Coinsource on its Coveted NYC BitLicense, Bitcoin ATM Fees, and Crypto Regulations
In November 2017, the world’s largest Bitcoin ATM network was granted the much-desired Virtual Currency License by the New York Department of Financial Services, becoming the 9th company to do so.
Coinsource has been gunning for this license since the summer of 2015 and was primarily operating under a provisional license. The newly issued “BitLicense” grants the holder permission to conduct virtual currency activities within the state of issuance. Coinsource joins a list of some fairly influential companies such as BitFlyer, BitPay, Coinbase, Circle, and Square to hold this license.
With over 200 machines in 19 states, Coinsource has played a significant role in providing mainstream users access to cryptocurrency in convenient locations like gas stations. These machines allow customers to insert fiat and buy bitcoin to be stored in their mobile wallet, as well as selling bitcoin for fiat by scanning their mobile wallet.
On one hand, Coinsource has helped popularize and simplify cryptocurrency for thousands of people. Seeing a Bitcoin ATM (occasionally called a BTM) next to a freezer full of Redbulls and shelf with Slim Jims lends a sense of calming familiarity for a relatively overly high-tech concept for the average person.
On the other hand, Bitcoin ATM providers have received their fair share of criticism for charging exceptionally higher fees and premiums for their services. ATMs hover around a 6% to 10% premium on the price of a Bitcoin, whereas Coinbase, a digital exchange also scorched for its extremely high fees, charges 3.99%.
With the rapid growth of Bitcoin ATMs across the country, Coinsource is positioned to become a dominant force in onboarding an equally accelerated growing population of people taking steps to buy their first bitcoins. According to CoinATMrader.com, the number of Bitcoin ATMs has been growing around 4% every period. Of the 3931 machines in October 2018, Coinsource holds a share of roughly 5.1%, which seems to be enough to hold the marketed of “largest Bitcoin ATM network”.
Coinsource has just been awarded the coveted “Bitlicense” by the New York State Department for Financial Services (NYDFS). Can you tell us a bit more about what the Bitlicense is, and what this achievement means for Coinsource?
Sheffield Clark: The “Bitlicense”, more recently known as the “Virtual Currency License”, is a business license for virtual currency activities issued by the New York State Department of Financial Services (NYSDFS) under specific regulations designed for companies operating within the state. The granting of this license is huge victory for Coinsource, as well as also a stamp of approval that allows would-be partners and users to confidently engage with our products and services. Over the next 180 days, we plan on tripling our presence in the state of New York.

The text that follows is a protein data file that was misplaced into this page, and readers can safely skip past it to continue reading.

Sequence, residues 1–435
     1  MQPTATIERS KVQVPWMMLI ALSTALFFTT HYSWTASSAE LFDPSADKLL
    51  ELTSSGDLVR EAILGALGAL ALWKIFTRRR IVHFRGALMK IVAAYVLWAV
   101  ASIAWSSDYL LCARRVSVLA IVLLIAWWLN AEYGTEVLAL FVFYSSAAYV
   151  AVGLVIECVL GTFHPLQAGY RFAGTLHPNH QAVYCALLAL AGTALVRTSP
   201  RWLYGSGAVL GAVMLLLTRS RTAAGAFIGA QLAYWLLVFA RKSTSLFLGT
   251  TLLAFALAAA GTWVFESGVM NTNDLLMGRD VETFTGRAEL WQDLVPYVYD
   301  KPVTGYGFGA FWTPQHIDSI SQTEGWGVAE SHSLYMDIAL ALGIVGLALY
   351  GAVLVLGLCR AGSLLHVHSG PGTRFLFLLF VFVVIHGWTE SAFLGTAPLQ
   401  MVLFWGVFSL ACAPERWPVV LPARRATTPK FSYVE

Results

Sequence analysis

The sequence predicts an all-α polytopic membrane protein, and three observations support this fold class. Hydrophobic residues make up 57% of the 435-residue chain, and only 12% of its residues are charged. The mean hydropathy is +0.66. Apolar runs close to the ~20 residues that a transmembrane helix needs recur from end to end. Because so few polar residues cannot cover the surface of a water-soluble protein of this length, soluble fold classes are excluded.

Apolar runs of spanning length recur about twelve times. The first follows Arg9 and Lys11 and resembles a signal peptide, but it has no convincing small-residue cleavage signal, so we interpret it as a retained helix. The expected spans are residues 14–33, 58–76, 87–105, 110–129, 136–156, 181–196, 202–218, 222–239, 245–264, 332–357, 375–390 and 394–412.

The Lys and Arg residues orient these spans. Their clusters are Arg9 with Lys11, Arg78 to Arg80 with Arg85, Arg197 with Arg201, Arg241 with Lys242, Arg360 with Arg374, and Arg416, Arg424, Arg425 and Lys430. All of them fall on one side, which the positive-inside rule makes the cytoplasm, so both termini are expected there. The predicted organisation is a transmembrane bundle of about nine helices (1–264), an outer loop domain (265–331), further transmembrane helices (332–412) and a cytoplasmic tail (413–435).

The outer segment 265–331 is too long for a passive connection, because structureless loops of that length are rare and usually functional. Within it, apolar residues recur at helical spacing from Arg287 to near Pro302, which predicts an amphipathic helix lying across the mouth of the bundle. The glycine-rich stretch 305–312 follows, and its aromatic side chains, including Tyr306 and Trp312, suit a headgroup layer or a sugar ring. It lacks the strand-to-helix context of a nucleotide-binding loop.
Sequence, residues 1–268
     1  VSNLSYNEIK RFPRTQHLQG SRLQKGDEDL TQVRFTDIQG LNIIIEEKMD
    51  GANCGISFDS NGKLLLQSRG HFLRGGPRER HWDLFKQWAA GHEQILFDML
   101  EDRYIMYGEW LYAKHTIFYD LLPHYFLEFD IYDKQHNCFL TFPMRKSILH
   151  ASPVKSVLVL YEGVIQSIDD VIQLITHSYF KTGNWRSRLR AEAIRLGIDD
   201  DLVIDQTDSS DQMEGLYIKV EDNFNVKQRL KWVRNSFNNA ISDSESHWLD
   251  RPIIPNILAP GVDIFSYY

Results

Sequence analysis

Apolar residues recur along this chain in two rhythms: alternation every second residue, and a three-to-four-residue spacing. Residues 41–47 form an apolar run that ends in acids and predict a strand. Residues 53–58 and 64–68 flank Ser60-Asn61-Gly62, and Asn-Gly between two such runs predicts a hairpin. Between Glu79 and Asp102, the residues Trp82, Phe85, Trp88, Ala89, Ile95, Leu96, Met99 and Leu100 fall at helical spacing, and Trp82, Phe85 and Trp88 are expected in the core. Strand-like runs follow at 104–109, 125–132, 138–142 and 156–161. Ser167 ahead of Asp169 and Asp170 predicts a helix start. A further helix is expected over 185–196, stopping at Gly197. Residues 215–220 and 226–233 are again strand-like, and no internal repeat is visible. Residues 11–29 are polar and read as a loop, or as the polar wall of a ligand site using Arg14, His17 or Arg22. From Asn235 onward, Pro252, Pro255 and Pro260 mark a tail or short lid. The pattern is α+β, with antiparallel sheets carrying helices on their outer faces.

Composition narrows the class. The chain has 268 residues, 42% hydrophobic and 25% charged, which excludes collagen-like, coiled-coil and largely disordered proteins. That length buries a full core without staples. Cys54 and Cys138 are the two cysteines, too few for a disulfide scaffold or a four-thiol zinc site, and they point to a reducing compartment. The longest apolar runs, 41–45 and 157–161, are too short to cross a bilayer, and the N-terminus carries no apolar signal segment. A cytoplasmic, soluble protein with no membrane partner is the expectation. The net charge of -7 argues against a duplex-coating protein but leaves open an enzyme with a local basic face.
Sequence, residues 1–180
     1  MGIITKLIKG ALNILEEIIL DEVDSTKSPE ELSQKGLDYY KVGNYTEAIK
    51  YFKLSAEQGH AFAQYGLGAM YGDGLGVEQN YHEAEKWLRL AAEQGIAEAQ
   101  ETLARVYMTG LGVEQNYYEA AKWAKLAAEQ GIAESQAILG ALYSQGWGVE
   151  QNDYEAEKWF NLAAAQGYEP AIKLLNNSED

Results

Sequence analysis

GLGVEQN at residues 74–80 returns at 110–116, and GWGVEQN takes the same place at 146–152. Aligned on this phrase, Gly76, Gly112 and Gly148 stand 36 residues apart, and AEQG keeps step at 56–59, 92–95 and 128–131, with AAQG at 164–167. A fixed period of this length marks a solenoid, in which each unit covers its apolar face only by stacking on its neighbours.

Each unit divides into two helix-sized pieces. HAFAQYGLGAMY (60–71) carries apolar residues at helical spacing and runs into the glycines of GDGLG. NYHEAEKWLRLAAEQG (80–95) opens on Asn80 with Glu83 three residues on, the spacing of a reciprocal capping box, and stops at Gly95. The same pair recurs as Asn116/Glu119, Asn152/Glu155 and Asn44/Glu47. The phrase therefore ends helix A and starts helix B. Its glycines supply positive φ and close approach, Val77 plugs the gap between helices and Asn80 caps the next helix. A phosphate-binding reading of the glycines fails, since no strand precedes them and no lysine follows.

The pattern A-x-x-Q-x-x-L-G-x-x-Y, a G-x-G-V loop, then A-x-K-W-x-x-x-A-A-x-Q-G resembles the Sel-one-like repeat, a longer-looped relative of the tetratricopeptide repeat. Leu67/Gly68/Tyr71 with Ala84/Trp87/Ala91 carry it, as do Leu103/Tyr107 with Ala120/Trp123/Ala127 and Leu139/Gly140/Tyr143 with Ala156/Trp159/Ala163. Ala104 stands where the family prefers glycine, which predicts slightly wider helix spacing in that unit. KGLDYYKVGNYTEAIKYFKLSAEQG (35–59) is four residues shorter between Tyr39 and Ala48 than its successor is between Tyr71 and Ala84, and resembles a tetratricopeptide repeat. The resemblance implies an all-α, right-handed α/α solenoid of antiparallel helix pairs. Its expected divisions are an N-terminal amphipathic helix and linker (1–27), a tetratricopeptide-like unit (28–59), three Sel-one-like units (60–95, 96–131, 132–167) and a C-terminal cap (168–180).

Arnold Spencer: Receiving the Bitlicense means that Coinsource faces much less regulatory risk. We now have a structure under which we know we can operate in New York. During the application process, we faced the possibility that New York would set out certain requirements that we could not meet or that we would have to limit our business model in ways that could cripple our company. Now we have standards for compliance and a constructive and open dialogue with our regulators.
Additionally, interactions with other businesses – both crypto businesses and traditional businesses — are easier with the Bitlicense. Banks, and importantly, bank regulators view the Bitlicense as an additional level of comfort with the safety and soundness of our business. Hardware manufacturers and software programmers know that we are regulated by NYDFS, and they respect that.
The Bitlicense also provides us with credibility as we interact with other regulators. As we expand into new jurisdictions, we have the momentum of the New York license as well as all the policies and procedures that we created during the Bitlicense application process. We expect that we will be more favorably received in these new markets because of our success in New York.
Obtaining the Bitlicense required Coinsource to undergo rigorous compliance-based checks by the NYDFS. Can you explain how Coinsource Bitcoin ATMs ensure that the machines are not abused, hacked or used for any illicit activities? What sort of checks and controls does Coinsource perform on users of the ATMs to ensure compliance?
Sheffield Clark: As Coinsource is a nationally licensed and federally regulated company, and we take KYC/AML compliance very seriously. All Coinsource ATMs require proper ID verifications, phone numbers, and more. We do not share or sell any information to 3rd parties whatsoever.
With so many online exchanges now available, can you tell us some more about the long-term goals of Coinsource as a company focused on physical ATMs? How does your business model aim to compete sustainably with e.g. Binance, Coinbase or Bittrex, particularly given that users must register online in advance of using a Coinsource ATM?
Sheffield Clark: Bitcoin ATMs will continue to have a similar appeal for the same reason that regular ATMs do: they’re more direct and accessible. Most people with a casual interest in cryptocurrencies don’t want to jump through the hoops of connecting a bank account, waiting for a money order to transfer, monitoring price charts, making buy and sell orders, etc. We’re offering the simplest access to bitcoin at a competitive rate.
Do you have any usage stats to share with us that may be interesting for our readers? For example, how many users of Coinsource ATM’s, average transaction value, most popular location?
Sheffield Clark: I would say the most interesting data point is that we are the world’s largest bitcoin ATM operator in the world. Unlike all of our competitors, who have to use third-party software integration on existing machines, we offer a full stack service with proprietary software, hardware, and customer support.
One of the blog posts on your website talks about how cryptocurrencies are a solution for the unbanked. How does Coinsource play into this solution? What services can the company offer to the unbanked of the United States?